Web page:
• Computational analysis of nanofluids flow and heat transfer in microchannels and fin tube air coils

      Ray, Dustin R.; Das, Debendra K.; Peterson, Rorik A.; Misra, Debasmita; Kim, Sunwoo (2021-05)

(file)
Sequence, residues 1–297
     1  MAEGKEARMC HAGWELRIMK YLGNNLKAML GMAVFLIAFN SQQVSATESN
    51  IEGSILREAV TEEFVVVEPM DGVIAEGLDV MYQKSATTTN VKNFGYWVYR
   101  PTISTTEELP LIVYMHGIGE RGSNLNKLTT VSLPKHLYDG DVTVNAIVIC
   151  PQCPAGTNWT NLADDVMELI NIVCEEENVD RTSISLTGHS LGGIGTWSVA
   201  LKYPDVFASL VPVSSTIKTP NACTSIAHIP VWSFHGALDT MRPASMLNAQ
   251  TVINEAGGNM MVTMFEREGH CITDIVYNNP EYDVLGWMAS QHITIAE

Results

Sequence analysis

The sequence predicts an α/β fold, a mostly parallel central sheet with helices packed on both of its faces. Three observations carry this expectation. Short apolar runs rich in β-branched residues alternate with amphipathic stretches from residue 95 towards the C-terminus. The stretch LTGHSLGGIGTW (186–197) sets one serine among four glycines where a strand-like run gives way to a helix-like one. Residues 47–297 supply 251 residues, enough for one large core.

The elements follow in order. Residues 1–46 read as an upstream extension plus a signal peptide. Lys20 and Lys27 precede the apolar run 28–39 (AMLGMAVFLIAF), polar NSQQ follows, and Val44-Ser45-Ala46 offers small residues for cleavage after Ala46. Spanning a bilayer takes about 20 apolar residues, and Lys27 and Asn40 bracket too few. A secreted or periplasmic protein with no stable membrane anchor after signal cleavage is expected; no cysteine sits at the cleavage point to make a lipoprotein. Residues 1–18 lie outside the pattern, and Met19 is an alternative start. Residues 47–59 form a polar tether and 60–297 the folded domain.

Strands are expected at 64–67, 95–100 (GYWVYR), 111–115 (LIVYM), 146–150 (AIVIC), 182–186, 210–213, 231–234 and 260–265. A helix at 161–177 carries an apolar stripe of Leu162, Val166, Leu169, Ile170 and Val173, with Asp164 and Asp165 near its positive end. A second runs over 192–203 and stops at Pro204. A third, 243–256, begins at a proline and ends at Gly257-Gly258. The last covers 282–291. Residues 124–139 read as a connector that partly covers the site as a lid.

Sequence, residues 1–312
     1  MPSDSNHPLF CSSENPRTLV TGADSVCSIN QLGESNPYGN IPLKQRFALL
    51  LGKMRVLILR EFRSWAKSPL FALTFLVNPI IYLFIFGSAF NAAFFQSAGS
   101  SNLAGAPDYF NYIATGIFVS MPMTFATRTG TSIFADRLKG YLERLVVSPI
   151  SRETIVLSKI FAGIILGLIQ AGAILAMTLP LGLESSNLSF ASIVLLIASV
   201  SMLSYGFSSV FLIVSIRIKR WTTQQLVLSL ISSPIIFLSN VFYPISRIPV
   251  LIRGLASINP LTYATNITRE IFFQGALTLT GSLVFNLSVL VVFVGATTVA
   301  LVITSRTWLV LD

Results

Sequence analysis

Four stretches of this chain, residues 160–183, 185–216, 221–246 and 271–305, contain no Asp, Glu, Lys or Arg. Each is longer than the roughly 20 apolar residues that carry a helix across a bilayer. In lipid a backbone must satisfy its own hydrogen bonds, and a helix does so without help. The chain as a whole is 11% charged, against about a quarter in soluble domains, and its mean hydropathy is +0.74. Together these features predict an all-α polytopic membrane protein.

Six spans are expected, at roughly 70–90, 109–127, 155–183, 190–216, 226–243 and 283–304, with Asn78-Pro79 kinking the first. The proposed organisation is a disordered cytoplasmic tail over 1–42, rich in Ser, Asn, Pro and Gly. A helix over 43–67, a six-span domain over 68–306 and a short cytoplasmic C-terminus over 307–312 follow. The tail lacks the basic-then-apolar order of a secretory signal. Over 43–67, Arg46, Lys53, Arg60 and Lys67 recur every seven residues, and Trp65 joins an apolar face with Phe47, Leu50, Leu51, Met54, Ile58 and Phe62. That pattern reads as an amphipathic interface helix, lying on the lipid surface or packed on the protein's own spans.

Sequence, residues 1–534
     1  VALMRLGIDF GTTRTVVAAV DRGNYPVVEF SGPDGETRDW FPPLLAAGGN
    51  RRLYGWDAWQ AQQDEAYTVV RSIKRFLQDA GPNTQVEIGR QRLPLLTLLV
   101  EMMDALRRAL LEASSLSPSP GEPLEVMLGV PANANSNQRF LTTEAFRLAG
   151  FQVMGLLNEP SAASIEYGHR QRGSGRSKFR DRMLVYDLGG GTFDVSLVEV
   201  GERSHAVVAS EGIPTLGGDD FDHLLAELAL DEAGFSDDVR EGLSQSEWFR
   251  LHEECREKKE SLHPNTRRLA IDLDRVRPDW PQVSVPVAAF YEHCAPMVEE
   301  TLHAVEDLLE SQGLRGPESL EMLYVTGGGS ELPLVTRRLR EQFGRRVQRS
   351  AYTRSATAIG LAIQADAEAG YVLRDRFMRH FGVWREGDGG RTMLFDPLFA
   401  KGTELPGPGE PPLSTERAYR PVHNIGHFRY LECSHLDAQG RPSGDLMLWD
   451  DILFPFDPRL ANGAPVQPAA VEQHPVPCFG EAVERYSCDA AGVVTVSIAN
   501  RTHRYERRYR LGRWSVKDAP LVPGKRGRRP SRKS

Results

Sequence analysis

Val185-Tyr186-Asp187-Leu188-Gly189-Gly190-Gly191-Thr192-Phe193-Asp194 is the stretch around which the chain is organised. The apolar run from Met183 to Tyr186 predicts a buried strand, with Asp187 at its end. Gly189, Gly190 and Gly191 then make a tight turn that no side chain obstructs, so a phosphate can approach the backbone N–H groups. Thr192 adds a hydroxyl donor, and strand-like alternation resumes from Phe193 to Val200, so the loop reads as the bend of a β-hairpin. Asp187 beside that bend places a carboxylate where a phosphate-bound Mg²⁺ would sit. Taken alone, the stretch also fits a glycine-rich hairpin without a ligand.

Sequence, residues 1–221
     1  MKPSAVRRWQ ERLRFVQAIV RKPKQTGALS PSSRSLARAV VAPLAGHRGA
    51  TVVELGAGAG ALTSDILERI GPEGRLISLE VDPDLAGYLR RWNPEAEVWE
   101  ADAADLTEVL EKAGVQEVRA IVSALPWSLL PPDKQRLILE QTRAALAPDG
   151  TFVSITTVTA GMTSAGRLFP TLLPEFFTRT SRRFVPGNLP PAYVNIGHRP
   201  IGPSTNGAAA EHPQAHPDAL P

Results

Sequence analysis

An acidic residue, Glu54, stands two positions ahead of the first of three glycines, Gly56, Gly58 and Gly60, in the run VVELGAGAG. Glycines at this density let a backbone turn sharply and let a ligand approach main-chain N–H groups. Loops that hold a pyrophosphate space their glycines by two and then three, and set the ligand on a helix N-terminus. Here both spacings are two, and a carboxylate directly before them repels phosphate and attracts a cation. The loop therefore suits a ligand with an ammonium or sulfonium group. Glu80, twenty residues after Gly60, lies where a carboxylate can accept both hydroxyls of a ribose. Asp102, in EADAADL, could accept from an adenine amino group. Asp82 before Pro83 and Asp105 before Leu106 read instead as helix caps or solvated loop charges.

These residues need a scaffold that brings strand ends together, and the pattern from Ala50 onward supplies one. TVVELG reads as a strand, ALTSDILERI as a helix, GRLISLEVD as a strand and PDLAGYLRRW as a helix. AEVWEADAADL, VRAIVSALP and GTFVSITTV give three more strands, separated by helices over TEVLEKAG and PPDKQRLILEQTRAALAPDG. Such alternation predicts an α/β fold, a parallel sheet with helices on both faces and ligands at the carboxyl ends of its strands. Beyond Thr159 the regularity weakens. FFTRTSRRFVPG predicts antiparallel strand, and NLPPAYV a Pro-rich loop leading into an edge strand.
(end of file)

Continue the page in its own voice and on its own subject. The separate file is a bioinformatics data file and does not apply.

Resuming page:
The four goals of this dissertation were to investigate nanofluids' thermal and fluid dynamic performance in (i) an air coil, (ii) microchannel heatsink, using computational fluid dynamic (CFD) software, ANSYS Fluent, develop (iii) hydrodynamic entrance length correlation and (iv) apparent friction factor correlations in rectangular microchannels. In cold regions of the world, ethylene glycol mixed with water (EG/W) are used as a heat transfer fluid instead of water due to their freeze protection. EG/W has low thermal conductivity than water, which can be improved by dispersing nanoparticles and creating a new fluid called nanofluid. A computational scheme was developed based on the Effectiveness-Number of Transfer Unit (ε-NTU) method to compare nanofluids' thermal and fluid dynamic performance to the conventional ethylene glycol and water mixture. The nanofluid's performance was examined by conducting two studies: reducing pumping power and reducing the air coil's surface area via length. The results showed at a dilute concentration of 1% of Al₂O₃ can reduce the pumping power requirements by 35.3% or reduce the air coil length by 7.4% while maintaining the same heat transfer rate as EG/W. The results show nanofluids could provide significant savings in energy or material costs. The nanofluids' (Al₂O₃, CuO, and SiO₂) thermal and fluid dynamic performance used in a microchannel heatsink was explored using analytical and computational methods. The computational model was developed in ANSYS Fluent. Comparing analytical and computational results, good agreement was observed validating both methods. The three nanofluids had a maximum difference of 4.1% for pressure drop and 2.9% for the Nusselt number. Three performance studies were conducted using the analytical model based on constant Reynolds number, maximum surface temperature, and pumping power. A constant Reynolds number of nanofluids could reduce the maximum surface temperature by 6K, but at the cost of increased pumping power. Nanofluids showed the pumping power could be reduced by 23% compared to the base fluid while maintaining equal maximum surface temperature. In electronic cooling applications where microchannel heatsinks are used, nanofluids seem promising for lowering critical components' operating temperatures and contribute to increased life and system reliability. A detailed three-dimensional laminar flow CFD model was developed and ran for Reynolds numbers ranging from 0.1 to 1000 through six rectangular microchannels aspect ratios (α): 1, 0.75, 0.5, 0.25, 0.2, 0.125. The majority of the Reynolds numbers simulated were in the low regime (Re< 100) to fulfill the lack of literature for determining accurate hydrodynamic entrance length and apparent friction factor for microchannels. From these numerical simulations, improved correlations were developed to predict hydrodynamic entrance length with a mean error of less than 2% and a maximum error of 5.75% for 0.1 ≤ Re ≤ 1000 & 0 ≤ α ≤ ∞. For the apparent friction factor in microchannels, three correlations were derived from the numerical simulations: fully developed friction factor (fRe), developing incremental pressure drop number (K(z)), and fully developed incremental pressure drop (K(∞)). The three correlations were used to determine the local fapp,zRe, in the applicable range of 0.1 ≤ Re ≤ 1000 & 0.125 ≤ α ≤ 8. The correlations showed a mean deviation of less than 3% and a maximum deviation of less than 8.3% from the numerical data.